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I'm with you, chief. I don't mind admitting my misteaks.
--

Christopher A. Young
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On 9 Nov 2004 08:11:46 -0800, snipped-for-privacy@gmail.com (rotation slim) wrote:

I my old house I tried to put in an outlet where there was only a light switch. When I was done, my wife decided to vaccuum. When she tried to turn the vaccuum on or off, it turned the light on and off. we still laugh about that one, and believe it or not I've actually become quite good at electrical work.
*-------------------------------* NEVER FORGET!!! http://cf1.newsday.infi.net/911/victimsearchframe.cfm?id !05
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On Wed, 10 Nov 2004 00:16:21 GMT "jtees4" used 35 lines of text to write in newsgroup: alt.home.repair

LOL! I would have played it off as a special "vacuum light"! No extra charge!
--
-Graham

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Replacing bathroom faucet, shutoffs closed. Shutoff nut to the faucet risers was a little tight. Just before I applied too much torque to the nut (I did not put a second wrench on the shutoff to cancel the torque's on the shutoff, my bad), in the back of my mind I was thinking maybe I should shut off the water main.
Twisted the whole shutoff off the pipe ( the copper was corroded) and as you can imagine water started coming out very fast. I was doing work for a customer and they were not home. I put my hand on to pipe and with much difficulty keep most of the water from coming out and ruining the adjacent wood floor. The Gods must have been amused at my plight and struggles. For a painful 3 and a half hours I cursed myself for being so hopeless.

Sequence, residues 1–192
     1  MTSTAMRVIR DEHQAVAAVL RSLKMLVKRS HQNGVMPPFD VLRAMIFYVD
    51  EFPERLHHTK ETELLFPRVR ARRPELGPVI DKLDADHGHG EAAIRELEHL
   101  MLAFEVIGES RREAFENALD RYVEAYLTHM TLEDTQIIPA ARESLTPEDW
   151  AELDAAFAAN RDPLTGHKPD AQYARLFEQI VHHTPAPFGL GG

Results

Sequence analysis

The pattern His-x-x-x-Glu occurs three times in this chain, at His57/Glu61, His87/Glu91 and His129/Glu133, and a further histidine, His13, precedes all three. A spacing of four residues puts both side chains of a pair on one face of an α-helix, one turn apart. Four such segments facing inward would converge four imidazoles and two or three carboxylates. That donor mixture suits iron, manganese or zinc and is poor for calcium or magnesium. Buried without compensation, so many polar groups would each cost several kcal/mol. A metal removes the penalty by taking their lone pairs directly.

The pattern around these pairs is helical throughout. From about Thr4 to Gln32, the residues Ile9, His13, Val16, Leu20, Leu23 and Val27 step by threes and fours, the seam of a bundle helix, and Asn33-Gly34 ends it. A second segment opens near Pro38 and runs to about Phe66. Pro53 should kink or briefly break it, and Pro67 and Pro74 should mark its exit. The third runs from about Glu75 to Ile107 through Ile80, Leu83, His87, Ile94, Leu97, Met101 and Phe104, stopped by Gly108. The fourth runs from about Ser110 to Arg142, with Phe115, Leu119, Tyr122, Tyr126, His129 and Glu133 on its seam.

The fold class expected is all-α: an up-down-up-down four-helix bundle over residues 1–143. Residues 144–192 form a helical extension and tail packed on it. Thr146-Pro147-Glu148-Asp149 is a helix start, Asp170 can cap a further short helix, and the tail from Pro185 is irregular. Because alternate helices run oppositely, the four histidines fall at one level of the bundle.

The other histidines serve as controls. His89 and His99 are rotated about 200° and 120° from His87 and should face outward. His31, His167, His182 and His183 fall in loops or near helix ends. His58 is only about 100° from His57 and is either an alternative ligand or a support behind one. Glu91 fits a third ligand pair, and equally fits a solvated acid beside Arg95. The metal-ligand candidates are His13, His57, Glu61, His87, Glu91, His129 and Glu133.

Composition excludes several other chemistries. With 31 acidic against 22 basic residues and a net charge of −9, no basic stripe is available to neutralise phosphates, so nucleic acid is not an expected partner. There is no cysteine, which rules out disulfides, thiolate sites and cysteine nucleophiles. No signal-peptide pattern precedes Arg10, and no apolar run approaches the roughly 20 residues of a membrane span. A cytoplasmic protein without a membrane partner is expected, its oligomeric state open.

The home owner finally came home, and ended my worst day as a handyman. I still have bad days but knock on wood that day still remains my best goof.
P.S. Got job finished, no charge.
P.S.S. They hired me back several more times.
rotation slim wrote:

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Greasing a clutch. I was 13. The surface looked like it was chafing and needed lubrication not to overheat. blacksalt
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As a couple of the folks on alt.hvac don't want to believe, I do some heating and AC work.